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Magical World

Wouldn't it be lovely if, with just a twitch of the nose, life, or any aspect of it could be changed. Instead, positive changes always seem to involve tremendously hard work, determination, and endless setbacks. How lovely it would be to have the powers of Samantha Stephens.

Wednesday, April 18, 2007

Grief is the healing process that ultimately brings us comfort in our pain.

The five stages, denial, anger, bargaining, depression and acceptance are a part of the framework that makes up our learning to live with the one we lost. They are tools to help us frame and identify what we may be feeling. But they are not stops on some linear timeline in grief. Not everyone goes through all of them or in a prescribed order.The stages have evolved since their introduction and they have been very misunderstood over the past three decades. They were never meant to help tuck messy emotions into neat packages. They are responses to loss that many people have, but there is not a typical response to loss as there is no typical loss. Our grief is as individual as our lives.

T = To accept the reality of the lossE = Experience the pain of the lossA = Adjust to the new environment without the lost objectR = Reinvest in the new reality

Stage 1: "Acclimation and Adjustment"
In this first stage, the tasks largely involve dealing with the initial emotional shock and disorientation often brought by death:

adjusting to changes brought by the loss
functioning appropriately in daily life
keeping emotions and behaviors in check
accepting support

Stage 2: "Emotional Immersion and Deconstruction"
Although the initial impact of the death has passed, emotions are often deeply felt during this stage. The bereaved face and have to deal with the changes that the death has brought, and often challenges to their beliefs about the way things should be. This stage incorporates the most active aspects of grief work. It's not that this stage is any more intense than the first stage -- in fact, it's difficult to imagine that anything could be more intense than the period immediately following a loss. But during this stage, people are likely to become deeply immersed in their feelings, and very internally-focused. It's also quite common for the bereaved to undergo a "deconstruction" of their values and beliefs, as they question why their loved one was taken from them. The tasks associated with Stage 2 include:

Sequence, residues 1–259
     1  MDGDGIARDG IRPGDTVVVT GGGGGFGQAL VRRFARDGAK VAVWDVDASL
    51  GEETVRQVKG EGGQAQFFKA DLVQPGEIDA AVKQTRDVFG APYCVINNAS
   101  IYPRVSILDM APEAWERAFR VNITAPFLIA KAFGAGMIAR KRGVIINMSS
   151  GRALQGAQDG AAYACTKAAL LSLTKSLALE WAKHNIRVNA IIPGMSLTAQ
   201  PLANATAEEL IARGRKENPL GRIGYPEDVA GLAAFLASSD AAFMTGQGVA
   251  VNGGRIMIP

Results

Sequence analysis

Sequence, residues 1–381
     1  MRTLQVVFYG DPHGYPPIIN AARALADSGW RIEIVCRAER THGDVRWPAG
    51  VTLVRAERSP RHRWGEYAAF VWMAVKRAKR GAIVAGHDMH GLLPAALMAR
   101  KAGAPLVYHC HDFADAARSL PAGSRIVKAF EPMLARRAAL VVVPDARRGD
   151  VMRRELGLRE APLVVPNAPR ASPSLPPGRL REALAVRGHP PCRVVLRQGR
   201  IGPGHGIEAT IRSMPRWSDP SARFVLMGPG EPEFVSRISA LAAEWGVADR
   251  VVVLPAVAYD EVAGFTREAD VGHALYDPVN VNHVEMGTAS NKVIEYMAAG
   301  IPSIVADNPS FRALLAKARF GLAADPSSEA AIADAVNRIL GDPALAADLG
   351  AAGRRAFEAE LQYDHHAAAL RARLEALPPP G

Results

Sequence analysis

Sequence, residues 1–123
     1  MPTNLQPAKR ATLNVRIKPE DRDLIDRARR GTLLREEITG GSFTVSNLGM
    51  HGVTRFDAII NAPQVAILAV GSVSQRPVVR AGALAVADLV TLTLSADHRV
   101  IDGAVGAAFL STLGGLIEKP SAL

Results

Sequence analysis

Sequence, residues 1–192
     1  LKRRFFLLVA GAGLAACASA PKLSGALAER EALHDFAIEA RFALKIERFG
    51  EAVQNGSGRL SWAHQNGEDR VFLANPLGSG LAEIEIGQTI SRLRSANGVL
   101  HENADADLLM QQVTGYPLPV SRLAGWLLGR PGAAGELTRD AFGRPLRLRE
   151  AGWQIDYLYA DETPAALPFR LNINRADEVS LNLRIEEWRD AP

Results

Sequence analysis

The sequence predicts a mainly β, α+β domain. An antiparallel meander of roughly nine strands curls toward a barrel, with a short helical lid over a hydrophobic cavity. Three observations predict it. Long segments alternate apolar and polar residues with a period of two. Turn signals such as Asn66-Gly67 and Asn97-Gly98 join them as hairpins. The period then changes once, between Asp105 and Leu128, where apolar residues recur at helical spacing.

contending with reality
development of insight
reconstructing personal values and beliefs
acceptance and letting go

Stage 3: "Reclamation and Reconciliation"
In this final stage many issues about the death have been resolved, and the bereaved more fully begin to reclaim and move on with their lives. This stage is generally thought to be one marked by "recovery" from grief. But the loss of someone close leaves a permanent mark on people's lives in the sense that things can't be restored to the way they were before the death. However, people can begin to rebuild, creating a new life for themselves and re-engaging with the world around them. As this stage ends, the bereaved become reconciled to the death itself, and the changes it's brought to their lives. Perhaps most important, they begin to live in the present, rather than the past, re-establish who they are in the world, and plan a future. The primary tasks of this stage are:

development of social relations
decisions about changes in life style
renewal of self-awareness
Acceptance of responsibility


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